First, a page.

Google Glass: The future, or a future pain in the arse?

Google Glass is essentially magic, and innovation is a good thing. Advances in science and technology move humans forward, for the most part. Even the most innocuous invention can have a huge impact, if not immediately, then perhaps somewhere down the line.

But that doesn't mean everyone has to like it. A restaurant in Seattle has caused a bit of furor by banning them before they're even available on the mass-market.

David Meinart, owner Lost Lake Cafe in Seattle, has instructed his staff to ask users to take their glasses off whilst they're inside, or be asked to kindly jog on. He's cited potential privacy violations, that sort of thing, as his reason. Put yourself in his shoes, imagine you have a celebrity in your restaurant - let's say, for instance, Robert Pattinson, that dude from Twilight. He's there, and he's buying a bunch of food for him and his entourage. But every other customer is a hardcore Twilighter, and they're all staring at him like enthralled mannequins, muttering instructions to their glasses to post pics of him to Instagram and Twitter. That's not good. He's gonna run, and run far, and never come back.

I also wouldn't want to be taking an order from someone wearing a pair in case they were snapping images of me. Same way I wouldn't be able to hold a decent conversation with someone shoving an SLR in my face.

Regardless, some users - those lucky early-adopters with a pair of their own - aren't too happy about it. For some unknowable reason, they're unwilling to put their new toy down for half an hour whilst they eat, even when asked perfectly reasonably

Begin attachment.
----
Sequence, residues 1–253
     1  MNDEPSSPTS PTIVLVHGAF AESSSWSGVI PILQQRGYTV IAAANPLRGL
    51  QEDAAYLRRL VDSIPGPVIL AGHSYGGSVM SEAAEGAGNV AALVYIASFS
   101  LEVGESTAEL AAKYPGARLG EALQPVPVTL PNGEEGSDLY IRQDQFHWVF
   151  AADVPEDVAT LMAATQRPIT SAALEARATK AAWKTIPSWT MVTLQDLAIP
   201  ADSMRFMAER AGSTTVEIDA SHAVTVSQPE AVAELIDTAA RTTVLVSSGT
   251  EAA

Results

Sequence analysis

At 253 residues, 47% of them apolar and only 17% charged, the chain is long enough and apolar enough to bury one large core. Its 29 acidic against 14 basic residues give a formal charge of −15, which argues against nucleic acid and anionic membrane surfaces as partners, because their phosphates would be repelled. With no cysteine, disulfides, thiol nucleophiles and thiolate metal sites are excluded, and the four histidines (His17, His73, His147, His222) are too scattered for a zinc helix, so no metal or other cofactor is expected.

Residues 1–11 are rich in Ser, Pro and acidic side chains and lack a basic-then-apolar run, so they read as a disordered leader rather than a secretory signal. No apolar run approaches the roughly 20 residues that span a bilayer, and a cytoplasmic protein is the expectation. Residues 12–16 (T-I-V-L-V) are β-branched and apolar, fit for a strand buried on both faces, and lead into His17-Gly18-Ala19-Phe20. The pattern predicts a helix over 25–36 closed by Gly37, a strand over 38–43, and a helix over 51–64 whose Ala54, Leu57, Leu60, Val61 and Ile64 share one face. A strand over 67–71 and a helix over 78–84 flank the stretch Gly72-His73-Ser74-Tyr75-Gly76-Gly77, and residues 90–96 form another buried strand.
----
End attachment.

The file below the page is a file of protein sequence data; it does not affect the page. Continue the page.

One such customer demanded to see a written policy that said he wasn't allowed to wear his new toy in the establishment and generally had a bit of a whinge - going as far as to suggest the waitress who asked him to take off the Google Glass be fired. Which is the pinnacle of dick moves, if you ask me.

When camera phones proliferated, I remember standing behind some kid in McDonalds. He was maybe twelve or thirteen years old. He, in turn, was stood behind a couple of older college-age girls. It was the height of summer and everyone dressed accordingly. The kid thought he was being sneaky; he whipped out his flip-phone with the .2 megapixel camera and attempted a very cheeky and most-likely illegal 'up skirt' shot. I like to think he was very proud of himself, right up to the point his phone made the classic 'Kik-chirk' noise of a photo being taken.

The girls turned around with scowling faces, the kid snapped his phone shut and bolted for the door without his Happy Meal.

Now, imagine having that sort of technology innocuously strapped to your face in the form of a Google Glass headset. Sure, up-skirt shots might be a bit trickier, but to take a photo of some studly cashier's bulging workpants is no more than a whispered 'Glass, Take Photo' instruction away.

Google Glass is supposedly going into mass production next year, at which point they'll be available to anyone willing to stump up the cash. So what would you do? Would you have any objection to taking off your $1500 headset if politely asked?